Session: December 7, 2017
from the Circuit Court for Warren County No. 15-CV-409 Larry
B. Stanley, Jr., Judge
injury action arising out of accident between a pickup truck
and a dump truck hauling materials for a company that paved
roadways. The pickup truck driver sued the driver of the dump
truck and the paving company to recover for injuries he
sustained in the accident. The trial court granted the paving
company's motion for summary judgment, holding that the
driver of the dump truck was an independent contractor and
that the paving company was not liable for the dump truck
driver's negligence. The injured driver appeals. Upon a
thorough review of the record, we affirm the grant of summary
R. App. P. 3 Appeal as of Right; Judgment of the Circuit
Timothy Pirtle, McMinnville, Tennessee, for the appellant,
Jimmy Earl McClure.
Thomas Feeney, Nashville, Tennessee, for the appellee,
Richard H. Dinkins, J., delivered the opinion of the court,
in which Andy D. Bennett and W. Neal McBrayer, JJ., joined.
RICHARD H. DINKINS, JUDGE
Factual and Procedural History
October 24, 2014, Jimmy Earl McClure ("Mr.
McClure") was driving his pickup truck when it was
involved in a collision with a dump truck driven by
Christopher Shawn Cole ("Mr. Cole"). The accident
occurred in Warren County at the intersection of State Route
Highway 287 and U.S. Highway 70S, which was under
construction. Mr. McClure was thrown from his vehicle and
suffered serious injuries.
October 20, 2015, Mr. McClure filed suit to recover for his
injuries, naming Mr. Cole and Highways, Inc.,
("Highways") as defendants. The complaint alleged
that Mr. Cole was acting in the course and scope of his
employment with Highways at the time of the accident and
sought damages based on causes of action for common law
negligence, statutory negligence, and respondeat
superior or agency. Highways answered, denying the
allegations of the complaint and pleading the defense of
course, Highways moved for summary judgment, relying on
nineteen statements of undisputed facts which it contended
demonstrated that Mr. Cole was an independent contractor, not
its employee, thereby relieving it of any liability to Mr.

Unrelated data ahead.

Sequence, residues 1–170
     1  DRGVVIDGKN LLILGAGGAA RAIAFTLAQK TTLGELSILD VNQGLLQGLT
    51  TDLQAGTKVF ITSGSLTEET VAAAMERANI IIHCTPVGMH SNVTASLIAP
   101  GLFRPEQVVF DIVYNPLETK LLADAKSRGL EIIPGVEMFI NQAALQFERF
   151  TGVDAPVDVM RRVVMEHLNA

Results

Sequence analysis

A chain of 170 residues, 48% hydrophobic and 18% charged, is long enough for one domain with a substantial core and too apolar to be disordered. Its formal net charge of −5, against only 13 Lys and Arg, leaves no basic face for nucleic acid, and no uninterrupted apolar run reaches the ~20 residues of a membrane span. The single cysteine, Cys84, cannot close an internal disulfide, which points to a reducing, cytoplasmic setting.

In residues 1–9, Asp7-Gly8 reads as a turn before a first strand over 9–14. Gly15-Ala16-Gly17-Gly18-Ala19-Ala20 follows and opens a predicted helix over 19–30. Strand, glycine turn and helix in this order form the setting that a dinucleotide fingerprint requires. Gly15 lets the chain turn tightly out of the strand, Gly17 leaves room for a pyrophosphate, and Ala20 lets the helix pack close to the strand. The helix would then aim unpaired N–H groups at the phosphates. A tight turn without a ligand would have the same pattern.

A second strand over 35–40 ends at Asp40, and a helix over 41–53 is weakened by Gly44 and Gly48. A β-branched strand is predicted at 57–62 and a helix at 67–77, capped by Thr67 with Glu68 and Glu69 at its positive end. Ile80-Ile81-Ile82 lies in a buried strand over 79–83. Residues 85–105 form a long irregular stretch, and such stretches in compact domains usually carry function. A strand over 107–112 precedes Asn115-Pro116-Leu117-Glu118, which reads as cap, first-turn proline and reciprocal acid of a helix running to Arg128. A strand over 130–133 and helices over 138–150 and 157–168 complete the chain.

McClure. Each fact was supported by the affidavit of Mr.
Cole. In response, Mr. McClure disputed nine of the
statements of fact, relying on the affidavit of Mr. Cole, the
deposition testimony of Mr. Cole, and copies of payment
records between "Chris Cole Trucking" and Highways,
a hearing, the court granted the motion, holding that
"there are no material facts in dispute which would
allow the Plaintiff to recover any damages from Highways
Inc." By agreement of the parties, the court directed
that the order be deemed final pursuant to Rule 54.02 of the
Tennessee Rules of Civil Procedure. Mr. McClure appeals,
stating the issue for our review as follows: "Whether
the trial court erred in granting summary judgment dismissing
defendant-appellee, HIGHWAYS, INC., f[rom] the lawsuit."
Our Supreme Court has instructed:
Summary judgment is appropriate when "the pleadings,
depositions, answers to interrogatories, and admissions on
file, together with the affidavits, if any, show that there
is no genuine issue as to any material fact and that the
moving party is entitled to a judgment as a matter of
law." Tenn. R. Civ. P. 56.04. We review a trial
court's ruling on a motion for summary judgment de novo,
without a presumption of correctness. Bain v. Wells,
936 S.W.2d 618, 622 (Tenn. 1997); see also Abshure v.
Methodist Healthcare-Memphis Hosp., 325 S.W.3d 98, 103
(Tenn. 2010). In doing so, we make a fresh determination of
whether the requirements of Rule 56 of the Tennessee Rules of
Civil Procedure have been satisfied. Estate of
Brown, 402 S.W.3d 193, 198 (Tenn. 2013) (citing
Hughes v. New Life Dev. Corp., 387 S.W.3d 453, 471
* * *
[I]n Tennessee, as in the federal system, when the moving
party does not bear the burden of proof at trial, the
moving party may satisfy its burden of production either
(1) by affirmatively negating an essential element of the
nonmoving party's claim or (2) by demonstrating that
the nonmoving party's evidence at the summary
judgment stage is insufficient to establish the